Wednesday, 18th April 2012
Reclaiming the Republic
For better or worse, the Republic of Ireland was declared in 1916. Two years later, by democratic will of the people, Dáil Éireann was elected to effect it. Óglaigh na hÉireann, in turn, were tasked to defend it.
It was appropriate on Easter Sunday last that our President, Taoiseach and Óglaigh na hÉireann (the official and Irish language name for our defence forces, inclusive of army, navy, air corps and their reserves) gathered at the GPO in Dublin to pay tribute to those who fell in 1916 and in the War of Independence which followed it.
For one, I’d like to see Óglaigh na hÉireann utilised by the state to extend such commemoration to places like Waterford City and County. Display by defence force personnel is appreciated by the public here. Participation by our full time and reserve soldiers in last month’s Tricolour commemoration in Waterford and in subsequent St. Patrick’s Day parades throughout the county are cases in point.
In drilling at the GPO in 2012, today’s Óglaigh na hÉireann serve the memory of fallen predecessors from West Waterford: Walsh in Ring, Fitzgerald and Keating at the Burgery, Cummins at Ballyvoile, Burke, Dahill, Lynch, Quinn and the Dunfords at Kilgobinet and Hurton on his way home to Ardmore. All of them – succeeded today in West Waterford by Óglaigh na hÉireann’s D Company of the 33rd Reserve Infantry Batallion of the Southern Brigade based in Dungarvan – are worthy of commemoration in their own county by the state.
In the absence of an official remembrance event in Co. Waterford this Easter, it’s understandable that many of those especially proud of our past (and not necessarily of any political persuasion) – including relatives of those that fought in the War of Independence – would turn to occasions not organised by the state. Of course, anyone is entitled to stage such a remembrance event and I admire the dedication of those who do. I am sure I am not alone in my discomfort, however, when reading of one aspect of the annual West Waterford IRA Brigade Memorial Association commemoration, which took place in Ardmore on Easter Sunday last.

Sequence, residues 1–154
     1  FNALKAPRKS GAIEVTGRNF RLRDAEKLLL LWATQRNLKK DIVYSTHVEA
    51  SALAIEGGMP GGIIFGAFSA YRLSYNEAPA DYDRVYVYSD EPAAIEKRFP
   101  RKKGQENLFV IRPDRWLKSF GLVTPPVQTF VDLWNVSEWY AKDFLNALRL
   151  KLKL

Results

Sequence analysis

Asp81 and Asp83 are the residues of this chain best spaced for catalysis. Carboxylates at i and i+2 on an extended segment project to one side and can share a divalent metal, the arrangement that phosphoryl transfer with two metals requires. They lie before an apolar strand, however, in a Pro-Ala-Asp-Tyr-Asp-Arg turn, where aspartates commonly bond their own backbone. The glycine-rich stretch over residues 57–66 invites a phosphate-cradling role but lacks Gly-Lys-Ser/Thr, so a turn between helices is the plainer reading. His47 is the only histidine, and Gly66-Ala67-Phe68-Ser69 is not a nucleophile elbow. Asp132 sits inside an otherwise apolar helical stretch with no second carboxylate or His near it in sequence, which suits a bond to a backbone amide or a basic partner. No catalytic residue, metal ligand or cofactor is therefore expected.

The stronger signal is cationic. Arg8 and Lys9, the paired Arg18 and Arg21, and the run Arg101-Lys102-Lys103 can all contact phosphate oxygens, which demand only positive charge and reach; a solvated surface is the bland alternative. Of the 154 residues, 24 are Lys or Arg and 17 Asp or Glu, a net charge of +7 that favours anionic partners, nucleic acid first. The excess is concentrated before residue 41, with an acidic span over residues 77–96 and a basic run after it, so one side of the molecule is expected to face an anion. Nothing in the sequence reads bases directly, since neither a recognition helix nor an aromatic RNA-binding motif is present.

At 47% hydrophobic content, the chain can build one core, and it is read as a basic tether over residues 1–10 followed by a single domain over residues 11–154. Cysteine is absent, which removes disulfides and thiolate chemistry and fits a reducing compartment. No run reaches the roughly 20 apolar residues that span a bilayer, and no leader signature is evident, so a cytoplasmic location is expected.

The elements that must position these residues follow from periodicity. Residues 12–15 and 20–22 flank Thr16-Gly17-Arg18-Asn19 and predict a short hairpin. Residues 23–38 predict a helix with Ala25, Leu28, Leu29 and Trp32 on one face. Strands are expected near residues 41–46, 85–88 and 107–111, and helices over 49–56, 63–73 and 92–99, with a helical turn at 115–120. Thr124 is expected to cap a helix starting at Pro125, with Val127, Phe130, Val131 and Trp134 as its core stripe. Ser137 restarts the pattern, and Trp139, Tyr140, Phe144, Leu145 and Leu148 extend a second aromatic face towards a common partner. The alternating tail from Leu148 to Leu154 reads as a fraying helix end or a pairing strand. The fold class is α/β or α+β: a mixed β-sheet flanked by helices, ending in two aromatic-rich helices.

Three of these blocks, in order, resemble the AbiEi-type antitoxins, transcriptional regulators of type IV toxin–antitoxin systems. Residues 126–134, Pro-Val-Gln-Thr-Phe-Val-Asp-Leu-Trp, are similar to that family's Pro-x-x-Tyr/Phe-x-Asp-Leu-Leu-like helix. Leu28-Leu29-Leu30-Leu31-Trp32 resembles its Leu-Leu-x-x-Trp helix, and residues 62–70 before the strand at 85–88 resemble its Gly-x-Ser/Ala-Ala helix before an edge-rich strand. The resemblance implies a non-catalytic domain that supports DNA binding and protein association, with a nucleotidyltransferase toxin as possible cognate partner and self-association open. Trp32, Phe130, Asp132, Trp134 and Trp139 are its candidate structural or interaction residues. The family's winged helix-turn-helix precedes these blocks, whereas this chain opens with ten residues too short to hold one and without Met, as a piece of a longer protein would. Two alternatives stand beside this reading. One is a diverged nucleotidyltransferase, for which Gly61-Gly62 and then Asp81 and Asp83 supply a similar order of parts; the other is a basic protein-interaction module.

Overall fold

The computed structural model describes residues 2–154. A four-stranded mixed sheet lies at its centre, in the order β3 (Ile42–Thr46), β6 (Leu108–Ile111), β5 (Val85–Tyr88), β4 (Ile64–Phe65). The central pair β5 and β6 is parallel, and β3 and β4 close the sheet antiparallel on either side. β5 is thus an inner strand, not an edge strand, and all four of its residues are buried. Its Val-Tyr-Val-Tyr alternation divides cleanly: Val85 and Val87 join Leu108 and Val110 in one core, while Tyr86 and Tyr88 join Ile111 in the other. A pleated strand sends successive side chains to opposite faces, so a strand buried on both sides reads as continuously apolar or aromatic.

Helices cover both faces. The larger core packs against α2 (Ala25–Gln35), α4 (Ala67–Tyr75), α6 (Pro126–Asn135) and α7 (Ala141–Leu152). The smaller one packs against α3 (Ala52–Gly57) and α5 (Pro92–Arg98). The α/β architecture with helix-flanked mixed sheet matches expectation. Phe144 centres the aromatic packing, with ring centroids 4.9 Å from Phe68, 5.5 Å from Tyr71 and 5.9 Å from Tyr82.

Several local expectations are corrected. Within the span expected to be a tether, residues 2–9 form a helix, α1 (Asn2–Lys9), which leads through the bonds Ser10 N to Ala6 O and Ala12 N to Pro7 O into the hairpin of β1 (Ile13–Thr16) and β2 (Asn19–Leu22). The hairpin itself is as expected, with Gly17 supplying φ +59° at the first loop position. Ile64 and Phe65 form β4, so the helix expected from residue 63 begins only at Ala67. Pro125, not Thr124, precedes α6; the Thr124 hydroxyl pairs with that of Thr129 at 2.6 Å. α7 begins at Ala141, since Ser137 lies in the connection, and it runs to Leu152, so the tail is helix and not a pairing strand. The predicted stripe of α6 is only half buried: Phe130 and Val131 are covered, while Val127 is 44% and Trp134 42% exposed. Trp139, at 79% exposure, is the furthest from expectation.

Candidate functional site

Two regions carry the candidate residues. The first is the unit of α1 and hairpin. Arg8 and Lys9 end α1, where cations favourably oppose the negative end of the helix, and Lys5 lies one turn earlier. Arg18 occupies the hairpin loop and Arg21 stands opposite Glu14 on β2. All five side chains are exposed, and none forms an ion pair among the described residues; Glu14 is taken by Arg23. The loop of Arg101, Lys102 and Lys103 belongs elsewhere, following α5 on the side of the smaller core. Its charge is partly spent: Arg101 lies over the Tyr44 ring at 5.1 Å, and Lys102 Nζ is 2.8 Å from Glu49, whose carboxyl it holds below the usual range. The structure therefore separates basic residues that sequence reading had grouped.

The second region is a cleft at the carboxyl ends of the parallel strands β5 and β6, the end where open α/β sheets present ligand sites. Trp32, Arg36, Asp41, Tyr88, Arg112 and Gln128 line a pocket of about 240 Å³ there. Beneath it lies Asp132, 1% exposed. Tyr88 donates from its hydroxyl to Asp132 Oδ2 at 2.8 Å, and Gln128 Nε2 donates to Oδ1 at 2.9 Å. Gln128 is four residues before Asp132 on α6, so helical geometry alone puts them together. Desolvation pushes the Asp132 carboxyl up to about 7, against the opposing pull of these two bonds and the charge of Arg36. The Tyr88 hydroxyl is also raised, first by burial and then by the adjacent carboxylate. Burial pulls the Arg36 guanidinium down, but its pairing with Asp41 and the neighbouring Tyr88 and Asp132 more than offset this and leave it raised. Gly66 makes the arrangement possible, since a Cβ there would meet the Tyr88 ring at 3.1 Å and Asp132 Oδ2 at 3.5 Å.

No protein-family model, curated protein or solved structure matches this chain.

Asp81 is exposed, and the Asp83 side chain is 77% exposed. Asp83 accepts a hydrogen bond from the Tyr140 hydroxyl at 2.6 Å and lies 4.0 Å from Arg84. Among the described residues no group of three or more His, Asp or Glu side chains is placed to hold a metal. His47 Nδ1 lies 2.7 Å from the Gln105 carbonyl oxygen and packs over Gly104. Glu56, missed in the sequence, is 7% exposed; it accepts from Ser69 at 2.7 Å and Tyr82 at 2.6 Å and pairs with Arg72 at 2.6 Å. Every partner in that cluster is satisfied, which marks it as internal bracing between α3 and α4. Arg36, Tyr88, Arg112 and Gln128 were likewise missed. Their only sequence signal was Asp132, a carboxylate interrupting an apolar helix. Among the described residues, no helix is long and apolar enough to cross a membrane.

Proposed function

It was reported that the Ardmore event featured the laying of a wreath "on behalf of Óglaigh na hÉireann". As can be verified by a quick phone call to the Press Office of Óglaigh na hÉireann at (045) 492502, the entity on whose behalf the garland was placed in Ardmore is not the one Dáil Éireann supports to serve on our behalf.
I recall the President of Provisional Sinn Féin Gerry Adams TD making it clear when he joined the Taoiseach in attending the funeral of murdered PSNI Constable Ronan Kerr in Co. Tyrone in April of last year, that not only was the Provisional IRA’s "war" over but that they were "gone". This leads one to wonder as to who were the pretenders to the title of Óglaigh na hÉireann afforded such prominence at Ardmore on Easter Sunday?
Whatever about regaining our sovereignty – which is a terrible challenge to contend with in the run up to the 100th anniversary of the 1916 Rising – our President Michael D. Higgins has spoken of "reclaiming the Republic" his own father fought for. It helps that there is an obvious intent on the part of the current government to commemorate events around that subject and I think the awfulness of the Civil war and the memory of those lost on each side should be marked appropriately.
I would respectfully suggest that the sooner such commemorations - including here in Co. Waterford - become more synonymous with the state than not, the better it will be for all of us.
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